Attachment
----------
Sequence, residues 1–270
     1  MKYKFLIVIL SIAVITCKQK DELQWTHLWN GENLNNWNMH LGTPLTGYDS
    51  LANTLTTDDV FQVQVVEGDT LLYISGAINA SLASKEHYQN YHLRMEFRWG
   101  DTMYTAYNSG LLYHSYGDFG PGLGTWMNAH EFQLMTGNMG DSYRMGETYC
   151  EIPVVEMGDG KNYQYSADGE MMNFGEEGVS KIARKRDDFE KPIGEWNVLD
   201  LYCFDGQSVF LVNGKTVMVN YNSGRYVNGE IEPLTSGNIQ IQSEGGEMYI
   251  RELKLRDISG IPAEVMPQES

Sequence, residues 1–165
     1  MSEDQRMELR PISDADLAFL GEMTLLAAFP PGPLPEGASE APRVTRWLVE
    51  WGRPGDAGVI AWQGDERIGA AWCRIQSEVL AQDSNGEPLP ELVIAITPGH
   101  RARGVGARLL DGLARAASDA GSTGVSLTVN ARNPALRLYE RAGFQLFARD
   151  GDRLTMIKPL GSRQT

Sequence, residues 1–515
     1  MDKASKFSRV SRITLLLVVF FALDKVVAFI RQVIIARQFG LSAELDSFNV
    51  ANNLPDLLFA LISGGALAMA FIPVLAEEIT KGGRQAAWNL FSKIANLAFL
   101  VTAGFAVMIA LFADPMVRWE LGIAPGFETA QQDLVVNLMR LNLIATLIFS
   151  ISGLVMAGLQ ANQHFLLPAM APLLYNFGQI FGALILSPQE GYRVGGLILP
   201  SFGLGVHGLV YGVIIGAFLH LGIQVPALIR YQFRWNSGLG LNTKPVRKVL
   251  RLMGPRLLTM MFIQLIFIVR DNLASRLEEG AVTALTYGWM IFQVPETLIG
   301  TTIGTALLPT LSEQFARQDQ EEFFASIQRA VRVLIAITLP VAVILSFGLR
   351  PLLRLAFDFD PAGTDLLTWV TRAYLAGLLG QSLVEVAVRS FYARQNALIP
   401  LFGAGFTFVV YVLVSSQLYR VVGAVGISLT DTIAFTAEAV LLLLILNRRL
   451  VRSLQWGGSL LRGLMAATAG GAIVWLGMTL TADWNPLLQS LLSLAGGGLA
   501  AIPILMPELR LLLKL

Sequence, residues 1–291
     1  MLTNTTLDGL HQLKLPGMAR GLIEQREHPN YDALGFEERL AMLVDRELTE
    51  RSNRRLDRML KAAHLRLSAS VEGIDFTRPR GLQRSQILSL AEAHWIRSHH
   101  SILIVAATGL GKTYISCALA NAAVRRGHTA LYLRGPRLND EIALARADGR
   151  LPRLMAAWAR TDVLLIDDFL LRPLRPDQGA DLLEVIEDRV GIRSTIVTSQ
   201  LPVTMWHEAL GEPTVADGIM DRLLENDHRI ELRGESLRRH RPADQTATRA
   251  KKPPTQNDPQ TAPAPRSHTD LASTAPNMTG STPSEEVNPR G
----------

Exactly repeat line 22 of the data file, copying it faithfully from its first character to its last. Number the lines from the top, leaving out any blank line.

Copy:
   401  LFGAGFTFVV YVLVSSQLYR VVGAVGISLT DTIAFTAEAV LLLLILNRRL